Over the last decade, Pennsylvania’s universities and trade schools have been incredibly proactive in developing programs to ensure the Marcellus has a top-notch local workforce. Lackawanna College (LC) in Northeastern Pa. – where Cabot Oil and Gas just fulfilled a $2.5 million endowment more than a year ahead of schedule – is a shining example of this.
LC was at the forefront of institutions that actively sought partnerships with the shale industry to develop Associate degree programs to meet the workforce demands of what at the time was a relatively new industry in the region. As Pa. state Sen. John Blake (D) said at an event this week to celebrate the endowment’s fulfillment,
“I can only echo the President’s words about how important and transformational it’s been for Lackawanna College. The School of Petroleum and Natural Gas is the first of its kind in Northeastern Pennsylvania and it really evidenced, I think, the vision, foresight and the agility of Lackawanna. And I think Cabot recognized that in making an investment in you.
“We always love to see industry invest in the future of our people, and that’s what happened here.”
LC President Mark Volk called the investment that the industry, and Cabot in particular, has made in the school “a game-changer” for not only the college, but the region as a whole in previously unimaginable ways. Volk explained at the event,
“To have Cabot Oil & Gas to come in, to work with us, to trust us, was just a game-changing event for the college and I think for our region. That signified for our region that not only did we have great opportunity through having access to natural gas, but we had a tremendous workforce. We had people here who were able, interested, capable of learning and growing and moving into jobs that just for many years were not even dreamed of being able to be in our region. Family-sustainable wage positions starting above the $40-50,000 range after a two-year associate’s degree was to a large degree, except in some specific medical fields, unheard of. And to do it at the level – the numbers of jobs that were available – is just something that nobody really imagined.”
And the college’s School of Petroleum and Natural Gas, which includes courses designed for all parts of the natural gas lifecycle, has been successful from the start. The partnership with industry has enabled the college to provide what students in 2012 told EID is an “eye-opening” experience “demonstrating the opportunities that exist with the natural gas industry.” EID reported in 2011 on how an unheard of 100 percent of the first graduates of the degree program received job offers in the oil and gas industry. Six years later, the momentum has only continued, with nearly all graduates receiving job offers in the industry, with about 70 percent of them being hired by major oil and gas companies. As Volk explained to Congress in 2014,
“What we have successfully built in Susquehanna County should serve as a model for how educational institutions can, through innovation and collaboration with the industry, respond to the needs of a changing economic landscape and create entirely new job prospects for students.”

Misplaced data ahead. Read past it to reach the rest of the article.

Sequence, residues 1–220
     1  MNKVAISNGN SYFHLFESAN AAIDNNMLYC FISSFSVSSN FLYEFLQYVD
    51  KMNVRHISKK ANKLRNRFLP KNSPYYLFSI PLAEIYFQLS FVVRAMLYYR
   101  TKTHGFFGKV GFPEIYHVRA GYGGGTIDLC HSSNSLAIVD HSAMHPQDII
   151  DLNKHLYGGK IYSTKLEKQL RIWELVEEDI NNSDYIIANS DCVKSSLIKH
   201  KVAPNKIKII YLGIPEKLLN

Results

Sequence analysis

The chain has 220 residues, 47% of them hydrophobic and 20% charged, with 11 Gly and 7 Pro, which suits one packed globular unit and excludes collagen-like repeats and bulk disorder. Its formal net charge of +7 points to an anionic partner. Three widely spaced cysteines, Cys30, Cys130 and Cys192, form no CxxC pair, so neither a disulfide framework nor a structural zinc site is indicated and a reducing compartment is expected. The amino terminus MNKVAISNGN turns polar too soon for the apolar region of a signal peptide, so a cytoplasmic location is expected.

George Stark, Director of External Affairs for Cabot, discussed that this multimillion dollar investment – the single largest donation in the history of the college – has not only benefitted the school, region and yes, even the oil and gas industry, but has especially made a difference for the school’s alumni and their families:
“Truly, that’s the difference that we’re making. …They know they can come to Lackawanna College, get that degree, stay local, work in our industry… it’s generational. It’s not a job that they’re going to have and then in three years they’re going to look for the next opportunity. This is that game-changer.
“And having a school of your stature right here in the play, allows not just Cabot, but Williams, DTE, Repsol, Southwestern – they’re all hiring these students and that’s what we’re excited about to make that type of investment.”
And it’s not just benefitting individuals in counties with heavy Marcellus development. As Volk explained, thanks to “an investment in our endowment… that I didn’t think I’d ever see in my time as president,” Lackawanna College will be able to take money from its endowment to provide scholarships for students that come from places like the greater Scranton area, where he explained that roughly 80 percent of families fall below the poverty line. He said,
“So to be able to help them achieve a college education is just tremendous and that’s thanks in great part to Cabot Oil & Gas.”
The best part of all is that the partnership that Lackawanna College has built with the shale industry still has room to grow. As Stark explained,
“Even though the commitment has been met, the partnership will go on for generations, and that’s what has us excited.”
Whether it’s with workforce development training such as this, Marcellus impact fee monies, or the myriad of other ways that the shale industry is benefitting Pennsylvania, one thing remains clear: Shale development has been a game-changer for our region. And we’ve only scratched the surface on the potential opportunities it can bring.